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Threat actor group behind Gootkit malware left their MongoDB databases exposed to the internet

Threat actor group behind Gootkit malware left their MongoDB databases exposed to the internet
  • The databases included MongoDB collections named “Luhnform” that contained plain text passwords, configuration details, bank accounts, email account logins, online shops, credit card details, and more.
  • Altogether there were 1,444,375 records of email accounts, 2,196,840 passwords strings, and 752,645 entries of usernames.

What was found?

Security researcher Bob Diachenko uncovered two unprotected MongoDB databases that were publicly accessible over the internet.

Contents of the open databases

After examining the data, the researcher found out that the databases belong to a criminal gang behind the Gootkit malware.

  • As per the report by ZDNet, the two MongoDB databases contained data that were aggregated from three Gootkit sub-botnets and a total of 38,653 infected hosts.
  • The databases included MongoDB collections named “Luhnform” that contained plain text passwords, configuration details, bank account details, email account logins, credit card details, and more.
  • Almost 15,000 entries related to payment card data were found exposed in the databases.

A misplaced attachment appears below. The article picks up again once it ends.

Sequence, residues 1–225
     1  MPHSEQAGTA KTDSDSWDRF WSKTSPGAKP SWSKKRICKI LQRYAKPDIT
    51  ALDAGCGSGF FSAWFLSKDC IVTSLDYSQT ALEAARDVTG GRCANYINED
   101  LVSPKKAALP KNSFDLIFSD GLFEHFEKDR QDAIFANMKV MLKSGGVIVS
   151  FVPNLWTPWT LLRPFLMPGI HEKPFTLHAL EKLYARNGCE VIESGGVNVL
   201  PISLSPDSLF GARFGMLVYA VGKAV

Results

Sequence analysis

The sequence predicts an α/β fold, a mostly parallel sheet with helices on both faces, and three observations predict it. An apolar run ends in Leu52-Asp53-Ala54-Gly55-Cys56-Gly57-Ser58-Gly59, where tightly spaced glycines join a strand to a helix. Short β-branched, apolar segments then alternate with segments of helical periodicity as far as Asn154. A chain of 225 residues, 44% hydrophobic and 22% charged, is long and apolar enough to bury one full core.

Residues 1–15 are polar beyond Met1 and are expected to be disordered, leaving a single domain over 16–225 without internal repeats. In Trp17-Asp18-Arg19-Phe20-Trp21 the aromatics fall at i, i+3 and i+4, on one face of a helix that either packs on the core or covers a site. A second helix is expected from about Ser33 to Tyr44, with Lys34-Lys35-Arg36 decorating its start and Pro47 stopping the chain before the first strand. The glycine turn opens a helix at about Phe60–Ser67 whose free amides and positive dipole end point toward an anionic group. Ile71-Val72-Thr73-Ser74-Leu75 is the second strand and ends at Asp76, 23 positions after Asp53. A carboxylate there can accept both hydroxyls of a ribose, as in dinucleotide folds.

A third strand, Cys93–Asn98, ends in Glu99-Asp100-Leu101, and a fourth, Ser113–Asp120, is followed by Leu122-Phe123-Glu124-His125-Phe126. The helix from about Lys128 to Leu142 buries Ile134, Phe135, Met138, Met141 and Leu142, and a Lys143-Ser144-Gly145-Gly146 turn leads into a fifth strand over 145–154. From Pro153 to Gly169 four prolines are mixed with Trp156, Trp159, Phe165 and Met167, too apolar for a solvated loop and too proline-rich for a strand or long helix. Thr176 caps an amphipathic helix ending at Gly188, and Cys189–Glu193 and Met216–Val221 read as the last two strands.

• The researchers also found another MongoDB collection named “Windowscredentials” that contained passwords of Windows users.
  • Altogether there were 1,444,375 records of email accounts, 2,196,840 passwords strings, and 752,645 entries of usernames.
  • Apart from these, the MongoDBs also contained configuration files and system information such as internal and public IP addresses, hostnames, domain names, CPU details, memory details, OS details, OS installation dates, MAC addresses, browser details, and more.

“Passwords and configuration pairs: online shops, emails, banking applications, streaming and other online services, internal network passwords, and many more,” Diachenko said in a blog.

Worth noting

Diachenko noted that he discovered the unprotected databases on July 4, 2019, and within a week both the databases were found to be secured by July 10, 2019. However, Diachenko provided a copy of the data to law enforcement authorities.

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